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Do Bigger Tires Affect Your Truck’s Transmission?

Adding bigger tires to your truck may make it look a lot cooler. However, there’s more to adding bigger tires than simply upgrading your aesthetic. Big tires and lifted trucks have quickly become a part of American culture. And having the biggest, baddest truck on the road is the goal for many drivers. 

Unfortunately, there’s one issue many truck owners tend to overlook when upgrading. If you want to give your truck a larger footprint, do it the right way with the proper knowledge. Let’s take a moment to dig a little deeper into the subject. 

Can Bigger Tires Cause Transmission Problems? 

In short, yes. You have to think about all the parts of your truck that have something to do with the tires. When you increase the size of the wheels and tires on your truck, you change the ratio of all the components working together to make your truck stop and go. 

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The drivetrain, the transmission, and the braking system are all affected when you shift the ratio by adding a larger circumference tire to your vehicle. So are your odometer and speedometer. Your vehicle’s transmission was designed to work on a certain rotation. Changing the rotation means you’ll need to regear your axle to the proper specs. 

What Happens If You Put Bigger Tires on Your Truck? 

Many different things happen when you put bigger tires on your truck. It’s kind of a ripple effect, really. Changing the tire circumference changes the gear ratio for your transmission to the road. This causes your vehicle to require more lower-end torque to turn the wheels and the engine will spin slower. 

This slower spinning engine will cause slower acceleration and more heat in your gearboxes. The vehicle will also travel further per tire rotation which affects speed and sensors.

Changing the tire size will also affect your truck’s differential. How your vehicle grabs on the road will change, affecting towing and loaded performance. You should know that properly upgrading your wheel size means you’ll have to invest a bit of money into your truck.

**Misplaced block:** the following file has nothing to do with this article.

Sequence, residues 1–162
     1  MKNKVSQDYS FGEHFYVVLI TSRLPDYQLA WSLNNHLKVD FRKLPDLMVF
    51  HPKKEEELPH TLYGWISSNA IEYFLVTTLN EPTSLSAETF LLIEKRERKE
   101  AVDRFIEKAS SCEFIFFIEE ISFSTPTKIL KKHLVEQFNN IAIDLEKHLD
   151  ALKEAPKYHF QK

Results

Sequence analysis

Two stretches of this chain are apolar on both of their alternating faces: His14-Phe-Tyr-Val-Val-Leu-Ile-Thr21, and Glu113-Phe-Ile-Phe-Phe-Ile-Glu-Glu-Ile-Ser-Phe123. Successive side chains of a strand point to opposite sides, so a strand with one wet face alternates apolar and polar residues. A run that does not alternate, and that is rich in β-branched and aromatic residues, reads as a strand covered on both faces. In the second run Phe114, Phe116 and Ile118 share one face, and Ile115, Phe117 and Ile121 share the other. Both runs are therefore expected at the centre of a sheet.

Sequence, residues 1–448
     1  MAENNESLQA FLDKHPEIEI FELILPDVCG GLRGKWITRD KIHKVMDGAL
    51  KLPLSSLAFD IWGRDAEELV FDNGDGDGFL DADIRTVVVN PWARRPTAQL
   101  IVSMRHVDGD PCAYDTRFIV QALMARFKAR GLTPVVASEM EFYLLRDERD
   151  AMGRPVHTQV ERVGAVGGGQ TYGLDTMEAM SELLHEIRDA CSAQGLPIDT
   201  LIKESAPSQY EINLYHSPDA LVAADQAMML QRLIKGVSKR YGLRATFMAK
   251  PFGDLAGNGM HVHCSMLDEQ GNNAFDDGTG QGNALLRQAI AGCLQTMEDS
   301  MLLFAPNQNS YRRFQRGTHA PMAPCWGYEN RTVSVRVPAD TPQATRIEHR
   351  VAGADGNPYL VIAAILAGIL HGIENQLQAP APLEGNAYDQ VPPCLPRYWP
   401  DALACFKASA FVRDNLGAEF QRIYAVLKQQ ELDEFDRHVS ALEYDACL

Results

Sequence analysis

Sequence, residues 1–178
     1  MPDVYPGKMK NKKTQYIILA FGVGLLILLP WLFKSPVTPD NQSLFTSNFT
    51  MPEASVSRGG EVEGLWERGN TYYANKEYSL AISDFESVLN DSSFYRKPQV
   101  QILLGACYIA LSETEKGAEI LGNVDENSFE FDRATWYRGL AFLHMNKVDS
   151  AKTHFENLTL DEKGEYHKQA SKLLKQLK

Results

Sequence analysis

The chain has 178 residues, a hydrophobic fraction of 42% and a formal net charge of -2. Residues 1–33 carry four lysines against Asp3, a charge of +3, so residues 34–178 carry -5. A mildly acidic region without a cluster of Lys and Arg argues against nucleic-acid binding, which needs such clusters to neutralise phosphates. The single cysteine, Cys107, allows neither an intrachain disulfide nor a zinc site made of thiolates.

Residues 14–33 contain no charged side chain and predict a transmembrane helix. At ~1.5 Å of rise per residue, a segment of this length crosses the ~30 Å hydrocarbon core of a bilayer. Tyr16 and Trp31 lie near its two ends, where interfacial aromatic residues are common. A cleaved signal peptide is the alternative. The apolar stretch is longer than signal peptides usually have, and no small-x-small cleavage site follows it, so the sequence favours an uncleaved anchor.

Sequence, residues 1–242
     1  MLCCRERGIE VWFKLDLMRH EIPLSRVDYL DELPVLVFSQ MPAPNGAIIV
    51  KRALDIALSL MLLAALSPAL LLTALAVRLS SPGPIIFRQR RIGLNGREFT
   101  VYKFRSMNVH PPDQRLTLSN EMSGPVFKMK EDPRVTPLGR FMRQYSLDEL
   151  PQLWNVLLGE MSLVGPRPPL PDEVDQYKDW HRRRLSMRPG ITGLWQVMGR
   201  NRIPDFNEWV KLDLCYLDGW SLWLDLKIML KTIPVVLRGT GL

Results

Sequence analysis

Truck with truck camper installed and large tire modification
Installing bigger tires will have in impact on many aspects of your truck.

Pro Tip: New truck? We uncovered what modifications you should do to your truck first.

Do Bigger Tires Affect Speed?

Bigger tires don’t make you go any faster on the roads, but they will affect your speedometer reading. Think about it. A larger circle will go a longer distance than a smaller circle with each rotation. Your vehicle’s odometer will report that you’re going a bit slower than you are actually traveling. You could rack up a few unwanted speeding tickets if you don’t take the time to recalibrate your speedometer. In fact, our truck’s speedometer reads 25% lower than the actual speed because of the tire size.

Do I Need to Lift My Truck for Bigger Tires? 

Whether or not you need to add a lift kit to your truck depends entirely upon just how big you’re planning to go with your wheels. The lift kit addition would only be due to the lack of clearance. 

Mechanic installing bigger tires on truck
After you install new, larger tires, make sure to recalibrate your speedometer.

However, raising your truck higher off the ground won’t do much to help your transmission absorb the change. If you’re not increasing the radius too drastically, you may not even need a lift to make the change. 

What Modifications Should Be Done With Large Tires

A tire upgrade and additional modifications will really depend on the vehicle and what it’s being used for. For example a truck that is going to be used for off-roading and will not haul or tow can usually run with no modifications to the drivetrain besides a spedometer calibration. However acceleration and on road performance may be reduced.

For trucks that still need to work with larger tires gearing changes are almost always required. For example, we once had a fifth wheel shipped and the shipper showed up with a newly modified truck with oversized tires. He had never towed with it before and we warned him that his truck needed modifications. Sure enough, 1000 miles down the road his differential burned up and he broke down in the middle of the desert.